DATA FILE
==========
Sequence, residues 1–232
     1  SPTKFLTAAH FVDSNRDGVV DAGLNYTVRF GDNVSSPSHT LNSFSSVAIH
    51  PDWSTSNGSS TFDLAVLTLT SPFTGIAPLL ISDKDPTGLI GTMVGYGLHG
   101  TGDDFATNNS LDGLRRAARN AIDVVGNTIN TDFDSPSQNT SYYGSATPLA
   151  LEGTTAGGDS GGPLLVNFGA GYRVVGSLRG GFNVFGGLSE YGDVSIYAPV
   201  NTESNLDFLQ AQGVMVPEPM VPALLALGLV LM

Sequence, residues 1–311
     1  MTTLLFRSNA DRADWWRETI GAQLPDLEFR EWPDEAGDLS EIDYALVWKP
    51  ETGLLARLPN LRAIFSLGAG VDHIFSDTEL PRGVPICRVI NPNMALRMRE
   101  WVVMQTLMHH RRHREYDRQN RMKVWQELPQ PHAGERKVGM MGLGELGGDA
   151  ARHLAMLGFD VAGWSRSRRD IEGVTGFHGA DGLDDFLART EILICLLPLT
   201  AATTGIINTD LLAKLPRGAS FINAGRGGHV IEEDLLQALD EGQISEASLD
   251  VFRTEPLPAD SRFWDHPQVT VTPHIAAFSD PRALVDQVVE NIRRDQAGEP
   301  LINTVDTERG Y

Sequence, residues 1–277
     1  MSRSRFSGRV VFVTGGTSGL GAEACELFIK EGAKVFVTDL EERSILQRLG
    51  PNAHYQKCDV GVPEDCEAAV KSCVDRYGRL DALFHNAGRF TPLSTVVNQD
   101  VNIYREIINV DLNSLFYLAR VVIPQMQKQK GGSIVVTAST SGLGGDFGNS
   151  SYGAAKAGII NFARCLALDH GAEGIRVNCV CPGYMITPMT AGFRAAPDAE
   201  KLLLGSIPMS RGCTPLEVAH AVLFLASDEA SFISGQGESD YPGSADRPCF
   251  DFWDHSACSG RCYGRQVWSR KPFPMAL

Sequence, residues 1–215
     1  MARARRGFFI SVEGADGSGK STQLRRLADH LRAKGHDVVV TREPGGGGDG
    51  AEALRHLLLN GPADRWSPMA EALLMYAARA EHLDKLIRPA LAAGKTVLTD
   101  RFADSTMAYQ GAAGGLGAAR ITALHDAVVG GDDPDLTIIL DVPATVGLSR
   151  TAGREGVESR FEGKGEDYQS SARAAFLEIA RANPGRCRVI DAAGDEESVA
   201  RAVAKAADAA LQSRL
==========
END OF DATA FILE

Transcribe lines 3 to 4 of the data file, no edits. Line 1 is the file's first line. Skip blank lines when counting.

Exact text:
    51  PDWSTSNGSS TFDLAVLTLT SPFTGIAPLL ISDKDPTGLI GTMVGYGLHG
   101  TGDDFATNNS LDGLRRAARN AIDVVGNTIN TDFDSPSQNT SYYGSATPLA